Faith formation in the education system

Latest review of the primary curriculum represents another wasted opportunity

Sir, – The latest review of the primary curriculum represents another wasted opportunity to tackle the place of faith formation in our education system (“Primary schools to teach foreign languages as religion time cut under new proposals”, News, December 28th).

Some 2½ hours per week are currently devoted to the “patron’s programme”, code for religious indoctrination. For comparison, three hours are dedicated to history, geography and science combined.

It is an astonishing amount of class time to spend on material that is not required by a large cohort of the population and from which increasing numbers of pupils are opting out.

The proposal to reduce this period by just 30 minutes to two hours is tokenistic and fails to take account of a rapidly changing population with respect to religious belief and practice.


The State continues to take a patron-centric, rather than a child-centric, approach to education by allowing bishops’ impulse to evangelise the children in their care to take precedence over families’ individual human and constitutional rights.

As modest as it is, this reform nevertheless reminds us that the role of religion in our schools is not above question.

Education Equality has consistently argued that religious instruction should simply be moved outside core hours on an opt-in basis in all publicly funded schools. This would free up significant curriculum time and ensure that all children are treated with equal respect at school, whatever their family background.

Our proposals are cost-effective, inclusive and achievable. But they clearly require a degree of realism and political ambition that the Government has yet to find. – Yours, etc,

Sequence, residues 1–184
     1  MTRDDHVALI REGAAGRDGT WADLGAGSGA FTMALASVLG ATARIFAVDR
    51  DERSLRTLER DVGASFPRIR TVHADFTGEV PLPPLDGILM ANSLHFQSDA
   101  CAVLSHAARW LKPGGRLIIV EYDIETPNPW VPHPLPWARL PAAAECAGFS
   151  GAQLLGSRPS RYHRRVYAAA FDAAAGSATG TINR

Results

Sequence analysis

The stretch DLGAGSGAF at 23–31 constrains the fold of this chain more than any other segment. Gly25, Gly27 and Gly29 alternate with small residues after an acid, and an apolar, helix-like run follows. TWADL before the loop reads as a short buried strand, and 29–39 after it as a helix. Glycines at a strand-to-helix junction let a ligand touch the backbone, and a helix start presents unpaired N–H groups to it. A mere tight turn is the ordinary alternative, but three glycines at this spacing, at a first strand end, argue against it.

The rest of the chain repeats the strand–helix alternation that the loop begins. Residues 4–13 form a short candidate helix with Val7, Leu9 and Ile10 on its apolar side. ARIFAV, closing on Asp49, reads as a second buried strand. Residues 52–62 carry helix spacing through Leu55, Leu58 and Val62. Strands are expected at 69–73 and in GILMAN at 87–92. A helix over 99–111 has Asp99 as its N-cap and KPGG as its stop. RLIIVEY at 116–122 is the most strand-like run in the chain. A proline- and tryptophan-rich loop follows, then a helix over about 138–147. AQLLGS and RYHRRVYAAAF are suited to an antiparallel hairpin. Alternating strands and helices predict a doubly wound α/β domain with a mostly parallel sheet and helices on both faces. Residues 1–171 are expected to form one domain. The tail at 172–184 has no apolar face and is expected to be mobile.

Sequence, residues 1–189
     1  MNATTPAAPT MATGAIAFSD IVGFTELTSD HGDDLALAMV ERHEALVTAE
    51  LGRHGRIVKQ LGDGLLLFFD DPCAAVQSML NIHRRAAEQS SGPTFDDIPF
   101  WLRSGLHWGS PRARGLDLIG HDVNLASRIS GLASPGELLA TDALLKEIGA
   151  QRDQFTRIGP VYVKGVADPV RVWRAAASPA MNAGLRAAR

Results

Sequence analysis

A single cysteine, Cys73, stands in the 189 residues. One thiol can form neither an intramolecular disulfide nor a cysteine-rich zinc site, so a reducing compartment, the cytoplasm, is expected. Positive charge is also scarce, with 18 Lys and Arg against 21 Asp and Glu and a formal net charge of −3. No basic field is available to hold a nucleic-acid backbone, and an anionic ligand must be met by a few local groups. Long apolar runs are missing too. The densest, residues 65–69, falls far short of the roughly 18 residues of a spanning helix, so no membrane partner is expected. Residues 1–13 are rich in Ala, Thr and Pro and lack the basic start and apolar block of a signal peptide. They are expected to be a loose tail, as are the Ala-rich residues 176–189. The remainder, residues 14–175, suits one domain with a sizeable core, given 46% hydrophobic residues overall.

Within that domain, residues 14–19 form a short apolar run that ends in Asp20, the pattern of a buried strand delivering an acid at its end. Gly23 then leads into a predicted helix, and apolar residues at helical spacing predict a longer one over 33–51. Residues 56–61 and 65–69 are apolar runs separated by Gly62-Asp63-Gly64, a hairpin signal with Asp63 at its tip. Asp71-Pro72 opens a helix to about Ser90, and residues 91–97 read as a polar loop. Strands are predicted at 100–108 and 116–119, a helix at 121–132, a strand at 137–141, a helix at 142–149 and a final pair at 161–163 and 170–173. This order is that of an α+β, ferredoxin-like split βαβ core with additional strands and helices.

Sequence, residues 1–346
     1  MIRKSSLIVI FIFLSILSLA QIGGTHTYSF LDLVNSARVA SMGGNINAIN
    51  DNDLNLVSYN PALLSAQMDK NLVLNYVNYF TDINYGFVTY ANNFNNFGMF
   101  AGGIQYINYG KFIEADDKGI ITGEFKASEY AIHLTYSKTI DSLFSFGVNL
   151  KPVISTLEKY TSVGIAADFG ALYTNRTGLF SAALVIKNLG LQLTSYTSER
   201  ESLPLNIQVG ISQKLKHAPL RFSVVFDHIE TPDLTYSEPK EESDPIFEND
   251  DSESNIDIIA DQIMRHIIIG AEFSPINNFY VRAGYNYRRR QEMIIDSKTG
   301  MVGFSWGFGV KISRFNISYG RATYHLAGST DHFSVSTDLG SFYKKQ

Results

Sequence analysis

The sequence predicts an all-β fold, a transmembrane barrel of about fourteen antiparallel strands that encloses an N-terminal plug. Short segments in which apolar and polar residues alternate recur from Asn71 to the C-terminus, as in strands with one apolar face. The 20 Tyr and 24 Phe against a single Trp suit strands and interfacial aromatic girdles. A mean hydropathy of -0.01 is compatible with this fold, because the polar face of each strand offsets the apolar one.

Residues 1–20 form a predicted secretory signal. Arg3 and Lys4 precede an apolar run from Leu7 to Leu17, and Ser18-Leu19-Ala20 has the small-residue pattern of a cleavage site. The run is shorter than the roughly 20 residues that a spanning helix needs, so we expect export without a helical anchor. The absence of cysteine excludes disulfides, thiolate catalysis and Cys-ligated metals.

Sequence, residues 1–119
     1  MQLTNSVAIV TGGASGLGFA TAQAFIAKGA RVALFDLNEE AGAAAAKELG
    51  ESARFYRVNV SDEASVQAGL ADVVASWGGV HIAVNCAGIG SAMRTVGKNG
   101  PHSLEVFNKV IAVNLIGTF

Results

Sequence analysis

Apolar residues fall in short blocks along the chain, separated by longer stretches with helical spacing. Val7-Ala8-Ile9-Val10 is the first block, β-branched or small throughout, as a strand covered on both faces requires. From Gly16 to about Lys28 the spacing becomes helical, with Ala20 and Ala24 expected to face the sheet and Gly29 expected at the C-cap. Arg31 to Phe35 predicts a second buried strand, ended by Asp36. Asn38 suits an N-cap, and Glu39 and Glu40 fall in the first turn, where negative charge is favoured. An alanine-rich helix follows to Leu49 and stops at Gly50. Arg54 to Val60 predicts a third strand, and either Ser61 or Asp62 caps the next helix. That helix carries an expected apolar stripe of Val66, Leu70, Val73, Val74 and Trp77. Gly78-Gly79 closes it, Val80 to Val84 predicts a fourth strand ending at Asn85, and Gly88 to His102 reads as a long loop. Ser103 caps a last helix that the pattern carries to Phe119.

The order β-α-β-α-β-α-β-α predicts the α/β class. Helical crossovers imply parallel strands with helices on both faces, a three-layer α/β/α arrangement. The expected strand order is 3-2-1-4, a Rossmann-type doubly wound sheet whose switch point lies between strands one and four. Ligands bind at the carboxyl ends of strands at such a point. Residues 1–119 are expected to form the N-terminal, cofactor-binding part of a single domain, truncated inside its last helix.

Communications Officer,

Education Equality,


Co Dublin.

Sir, – The new framework document for the primary school curriculum ignores the constitutional rights of atheist and minority faith parents with regard to the religious and moral education of their children.

Whether religion is taught for two hours or 2½ hours every week is neither here nor there when schools are obliging children to attend any religious classes that are against the conscience of their parents.

Article 44.2.4 of the Constitution is explicit. The Oireachtas must ensure that any school in receipt of State aid respects the right of any child to not attend religious instruction. This means the right to physically leave the classroom, not be made sit at the back of it.

The State is again trying to introduce a broader course about religions and beliefs. The last time they tried this, the Catholic bishops scuppered it, because the Catholic Church objects to teaching about religion objectively.

But even if the State did bring in such a course, parents would still have a constitutional right for their children to not attend it. Just as a Protestant family has the right to not attend classes in Catholicism, an atheist family has the right to not attend classes in several religions.

Also, based on experience in second-level schools, that course would be delivered through the religious ethos of the school, and most likely be taught alongside the school’s denominational religious instruction, without telling parents that this is happening.

While this framework document may be helpful with regard to other subjects, it continues to ignore the constitutional rights of atheist and minority faith parents with regard to religion.

The State must address that issue, because it will not go away by ignoring it. – Yours, etc,




Human Rights Officer,

Atheist Ireland,


Dublin 9.